People are beginning to realize that street art can have numerous positive effects on a community at very little cost. While the monochromatic, grungy, five-second, graffiti tags only related to street art from a basic materials standpoint only have adverse effects, often ornate and thought-provoking street art designs can benefit communities in a variety of ways. Most importantly however, street art can help galvanize gentrification in urban communities. For example, there is a high correlation between the presence of street art and relatively lower crime rates amongst urban communities, potentially alluding to the calming effect art can have on a person and/or community over time. Millennials craving city life are more likely to live in affordable urban communities with street art than those without since these neighborhoods can feel warmer, safer, and just more livable in comparison. As these budding consumers move in, advertisers hungry for millennial eyes soon follow, starting a chain reaction of commercial influx to areas that were historically overlooked. These millennials then grow in tandem with the community, developing a connection and therefore increasing the likelihood of them staying nearby to buy their first house and start a family. Street art’s beneficial impacts are numerous but the economic value it can help generate over time is easily it’s greatest positive externality.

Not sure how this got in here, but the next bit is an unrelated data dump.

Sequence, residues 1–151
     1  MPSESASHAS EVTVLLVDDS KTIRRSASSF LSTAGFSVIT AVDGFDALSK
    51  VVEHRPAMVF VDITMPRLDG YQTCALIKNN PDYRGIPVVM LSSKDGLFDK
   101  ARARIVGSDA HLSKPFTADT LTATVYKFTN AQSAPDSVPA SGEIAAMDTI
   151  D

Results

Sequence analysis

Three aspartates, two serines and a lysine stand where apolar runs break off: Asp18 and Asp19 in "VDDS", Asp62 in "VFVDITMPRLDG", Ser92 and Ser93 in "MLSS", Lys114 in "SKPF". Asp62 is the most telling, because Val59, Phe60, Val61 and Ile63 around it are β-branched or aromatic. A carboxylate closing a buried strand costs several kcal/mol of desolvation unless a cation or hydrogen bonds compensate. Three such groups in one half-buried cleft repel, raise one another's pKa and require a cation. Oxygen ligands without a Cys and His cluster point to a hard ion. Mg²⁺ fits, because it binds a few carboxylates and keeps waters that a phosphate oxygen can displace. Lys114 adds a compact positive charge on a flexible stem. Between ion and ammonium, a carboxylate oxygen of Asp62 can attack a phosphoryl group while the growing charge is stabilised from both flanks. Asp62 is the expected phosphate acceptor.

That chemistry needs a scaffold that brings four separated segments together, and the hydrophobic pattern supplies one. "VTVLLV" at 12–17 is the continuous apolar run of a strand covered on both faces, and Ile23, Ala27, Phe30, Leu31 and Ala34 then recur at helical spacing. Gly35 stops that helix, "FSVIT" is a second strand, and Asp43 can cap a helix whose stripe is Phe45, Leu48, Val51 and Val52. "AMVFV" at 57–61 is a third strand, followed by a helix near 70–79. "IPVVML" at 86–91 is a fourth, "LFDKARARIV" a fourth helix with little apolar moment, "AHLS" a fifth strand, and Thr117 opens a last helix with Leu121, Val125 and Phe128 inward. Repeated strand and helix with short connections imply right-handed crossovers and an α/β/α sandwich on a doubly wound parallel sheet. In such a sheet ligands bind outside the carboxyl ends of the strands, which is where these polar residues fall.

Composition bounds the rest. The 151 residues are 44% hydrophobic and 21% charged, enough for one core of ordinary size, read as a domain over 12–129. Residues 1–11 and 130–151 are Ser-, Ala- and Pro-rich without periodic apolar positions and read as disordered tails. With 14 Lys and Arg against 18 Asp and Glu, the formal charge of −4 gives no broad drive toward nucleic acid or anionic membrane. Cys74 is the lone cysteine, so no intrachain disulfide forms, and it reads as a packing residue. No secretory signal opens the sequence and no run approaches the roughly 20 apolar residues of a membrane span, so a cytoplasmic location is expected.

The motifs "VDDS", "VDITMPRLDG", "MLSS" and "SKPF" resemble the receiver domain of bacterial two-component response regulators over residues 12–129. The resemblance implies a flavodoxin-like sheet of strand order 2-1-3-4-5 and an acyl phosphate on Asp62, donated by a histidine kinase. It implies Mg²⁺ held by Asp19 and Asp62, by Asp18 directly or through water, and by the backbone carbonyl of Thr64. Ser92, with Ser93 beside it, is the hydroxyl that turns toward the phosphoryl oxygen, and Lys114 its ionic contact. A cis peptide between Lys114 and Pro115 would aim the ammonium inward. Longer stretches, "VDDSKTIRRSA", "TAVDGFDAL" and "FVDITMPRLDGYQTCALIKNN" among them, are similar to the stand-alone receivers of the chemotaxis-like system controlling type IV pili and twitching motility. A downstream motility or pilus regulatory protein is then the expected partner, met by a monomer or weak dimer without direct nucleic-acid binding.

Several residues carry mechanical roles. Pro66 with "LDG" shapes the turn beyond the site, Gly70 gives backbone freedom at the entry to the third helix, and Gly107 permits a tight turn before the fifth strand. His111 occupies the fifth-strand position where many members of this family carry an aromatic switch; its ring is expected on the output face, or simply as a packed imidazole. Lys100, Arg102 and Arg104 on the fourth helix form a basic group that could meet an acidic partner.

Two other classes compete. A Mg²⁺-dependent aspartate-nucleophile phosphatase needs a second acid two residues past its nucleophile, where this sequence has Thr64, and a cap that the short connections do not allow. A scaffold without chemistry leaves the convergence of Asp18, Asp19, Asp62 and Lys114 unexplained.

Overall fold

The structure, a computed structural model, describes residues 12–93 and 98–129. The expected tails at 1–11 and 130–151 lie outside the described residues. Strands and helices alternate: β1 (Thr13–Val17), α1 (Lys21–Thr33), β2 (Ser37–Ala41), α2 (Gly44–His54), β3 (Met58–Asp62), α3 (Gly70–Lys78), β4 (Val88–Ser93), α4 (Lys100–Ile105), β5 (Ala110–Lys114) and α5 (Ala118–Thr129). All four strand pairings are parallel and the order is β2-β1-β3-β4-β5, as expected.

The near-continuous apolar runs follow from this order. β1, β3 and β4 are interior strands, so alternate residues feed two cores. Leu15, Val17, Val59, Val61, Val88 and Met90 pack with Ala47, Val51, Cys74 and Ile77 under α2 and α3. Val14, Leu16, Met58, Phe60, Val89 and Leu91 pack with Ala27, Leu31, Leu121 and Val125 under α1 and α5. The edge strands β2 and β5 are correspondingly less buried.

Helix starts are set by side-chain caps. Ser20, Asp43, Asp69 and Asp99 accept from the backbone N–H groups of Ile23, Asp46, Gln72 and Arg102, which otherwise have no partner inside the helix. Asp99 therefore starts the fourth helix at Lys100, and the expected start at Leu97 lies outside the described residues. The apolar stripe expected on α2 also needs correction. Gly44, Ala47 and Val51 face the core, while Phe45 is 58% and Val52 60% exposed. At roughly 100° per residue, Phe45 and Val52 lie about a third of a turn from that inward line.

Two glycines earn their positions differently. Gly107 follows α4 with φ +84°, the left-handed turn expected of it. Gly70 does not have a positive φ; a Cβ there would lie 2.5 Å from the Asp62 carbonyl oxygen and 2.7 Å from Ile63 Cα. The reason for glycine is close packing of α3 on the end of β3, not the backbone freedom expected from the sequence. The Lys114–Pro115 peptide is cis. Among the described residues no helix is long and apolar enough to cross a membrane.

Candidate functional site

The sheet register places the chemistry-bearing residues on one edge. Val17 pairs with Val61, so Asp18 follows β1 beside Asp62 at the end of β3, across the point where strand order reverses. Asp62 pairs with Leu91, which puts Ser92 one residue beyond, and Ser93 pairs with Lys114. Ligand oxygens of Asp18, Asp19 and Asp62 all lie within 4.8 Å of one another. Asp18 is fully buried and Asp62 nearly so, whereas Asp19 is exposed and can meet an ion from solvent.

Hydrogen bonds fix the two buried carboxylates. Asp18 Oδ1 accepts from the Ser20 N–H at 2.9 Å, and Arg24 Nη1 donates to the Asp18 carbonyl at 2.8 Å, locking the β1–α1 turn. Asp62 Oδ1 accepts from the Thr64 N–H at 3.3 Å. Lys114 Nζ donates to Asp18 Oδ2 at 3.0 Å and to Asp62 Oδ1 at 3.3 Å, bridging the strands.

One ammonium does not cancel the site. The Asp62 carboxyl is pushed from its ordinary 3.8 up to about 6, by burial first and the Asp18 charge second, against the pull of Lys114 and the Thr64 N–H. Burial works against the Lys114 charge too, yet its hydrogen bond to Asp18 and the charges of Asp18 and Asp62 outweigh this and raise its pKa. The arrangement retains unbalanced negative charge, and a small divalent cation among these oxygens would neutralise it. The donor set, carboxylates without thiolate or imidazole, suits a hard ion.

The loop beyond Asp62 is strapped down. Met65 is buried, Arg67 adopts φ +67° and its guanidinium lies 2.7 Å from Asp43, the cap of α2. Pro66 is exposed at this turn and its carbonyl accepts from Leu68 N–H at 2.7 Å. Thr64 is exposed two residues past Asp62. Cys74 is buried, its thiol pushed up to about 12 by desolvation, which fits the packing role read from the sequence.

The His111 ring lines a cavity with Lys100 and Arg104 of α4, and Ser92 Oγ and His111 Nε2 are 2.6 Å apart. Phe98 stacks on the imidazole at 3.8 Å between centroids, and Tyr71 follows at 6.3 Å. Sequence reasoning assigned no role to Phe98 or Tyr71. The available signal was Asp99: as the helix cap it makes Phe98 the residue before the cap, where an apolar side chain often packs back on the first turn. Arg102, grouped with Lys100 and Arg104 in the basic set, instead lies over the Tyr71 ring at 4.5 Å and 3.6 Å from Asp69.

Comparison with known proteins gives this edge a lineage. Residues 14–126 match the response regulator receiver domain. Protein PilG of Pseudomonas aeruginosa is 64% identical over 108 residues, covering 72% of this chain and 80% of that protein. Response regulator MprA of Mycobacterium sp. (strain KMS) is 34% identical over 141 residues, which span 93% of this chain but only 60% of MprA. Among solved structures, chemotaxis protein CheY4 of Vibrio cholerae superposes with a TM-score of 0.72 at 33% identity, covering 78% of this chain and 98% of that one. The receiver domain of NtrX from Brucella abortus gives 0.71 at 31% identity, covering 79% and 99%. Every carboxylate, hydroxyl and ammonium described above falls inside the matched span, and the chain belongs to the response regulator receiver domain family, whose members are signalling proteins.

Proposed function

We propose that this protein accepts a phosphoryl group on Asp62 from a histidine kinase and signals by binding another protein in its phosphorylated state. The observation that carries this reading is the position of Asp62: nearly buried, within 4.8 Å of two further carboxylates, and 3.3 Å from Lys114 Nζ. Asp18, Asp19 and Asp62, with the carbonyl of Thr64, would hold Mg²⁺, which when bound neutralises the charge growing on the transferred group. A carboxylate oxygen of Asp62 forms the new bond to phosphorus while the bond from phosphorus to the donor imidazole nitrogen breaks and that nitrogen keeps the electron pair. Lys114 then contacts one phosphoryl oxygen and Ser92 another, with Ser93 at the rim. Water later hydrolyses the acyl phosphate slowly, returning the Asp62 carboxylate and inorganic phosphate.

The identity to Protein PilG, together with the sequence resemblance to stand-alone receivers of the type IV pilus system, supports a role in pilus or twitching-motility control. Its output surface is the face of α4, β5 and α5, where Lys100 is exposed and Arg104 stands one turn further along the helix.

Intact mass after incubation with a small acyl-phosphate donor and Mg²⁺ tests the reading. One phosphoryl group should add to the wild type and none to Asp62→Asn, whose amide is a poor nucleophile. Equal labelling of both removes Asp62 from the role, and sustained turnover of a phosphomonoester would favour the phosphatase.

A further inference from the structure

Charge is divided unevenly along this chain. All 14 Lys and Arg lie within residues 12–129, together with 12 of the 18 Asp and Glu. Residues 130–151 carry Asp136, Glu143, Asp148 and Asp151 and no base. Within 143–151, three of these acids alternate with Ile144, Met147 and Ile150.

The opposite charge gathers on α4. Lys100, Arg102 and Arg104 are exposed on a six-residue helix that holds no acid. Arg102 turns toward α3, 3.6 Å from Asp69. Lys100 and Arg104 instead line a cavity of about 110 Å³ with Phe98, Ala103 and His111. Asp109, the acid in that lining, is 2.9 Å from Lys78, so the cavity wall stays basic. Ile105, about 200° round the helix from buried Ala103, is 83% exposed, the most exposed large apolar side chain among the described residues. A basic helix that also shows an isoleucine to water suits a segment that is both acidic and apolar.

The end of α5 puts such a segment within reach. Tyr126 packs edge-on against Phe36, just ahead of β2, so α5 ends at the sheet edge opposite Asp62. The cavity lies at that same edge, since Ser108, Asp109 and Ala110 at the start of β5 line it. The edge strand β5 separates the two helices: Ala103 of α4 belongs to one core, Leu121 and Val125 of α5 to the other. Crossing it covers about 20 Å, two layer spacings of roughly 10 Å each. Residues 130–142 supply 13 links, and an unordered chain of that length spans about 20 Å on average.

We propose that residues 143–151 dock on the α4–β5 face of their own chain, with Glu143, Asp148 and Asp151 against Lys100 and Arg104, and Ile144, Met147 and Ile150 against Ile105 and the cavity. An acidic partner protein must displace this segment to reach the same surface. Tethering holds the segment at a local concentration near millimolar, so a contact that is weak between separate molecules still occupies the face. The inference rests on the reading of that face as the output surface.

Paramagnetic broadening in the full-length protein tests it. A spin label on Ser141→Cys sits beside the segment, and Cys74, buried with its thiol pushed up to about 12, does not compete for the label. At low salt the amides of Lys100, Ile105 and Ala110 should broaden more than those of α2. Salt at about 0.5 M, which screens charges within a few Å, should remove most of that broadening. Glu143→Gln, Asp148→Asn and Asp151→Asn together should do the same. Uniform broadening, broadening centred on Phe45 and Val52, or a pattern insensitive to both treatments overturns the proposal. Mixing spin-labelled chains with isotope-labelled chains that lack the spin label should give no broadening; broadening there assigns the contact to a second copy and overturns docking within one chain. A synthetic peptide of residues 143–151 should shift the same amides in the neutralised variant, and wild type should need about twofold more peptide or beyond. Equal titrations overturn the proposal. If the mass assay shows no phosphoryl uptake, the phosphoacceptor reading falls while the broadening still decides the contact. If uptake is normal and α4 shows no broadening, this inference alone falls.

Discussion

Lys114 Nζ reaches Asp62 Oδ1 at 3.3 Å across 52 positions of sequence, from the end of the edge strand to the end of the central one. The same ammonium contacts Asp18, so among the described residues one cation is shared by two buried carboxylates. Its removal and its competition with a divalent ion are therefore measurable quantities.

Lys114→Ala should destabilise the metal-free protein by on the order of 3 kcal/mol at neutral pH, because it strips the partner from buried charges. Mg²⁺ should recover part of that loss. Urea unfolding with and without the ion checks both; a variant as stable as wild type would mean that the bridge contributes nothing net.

I’ve only lived in my mural-adorned apartment since March 2015 but in just two and half years I’ve seen the neighborhood improve dramatically. For example, the street retail below me was previously inhabited by a shabby convenience store that was an eyesore and complete underutilization of the space. Now there are three thriving businesses including a popular food truck prepping kitchen, a hair salon, and the newest venture, a cat adoption café, businesses which might have never taken the risk on this location without the presence of MLK Jr., butterflies, and an elephant.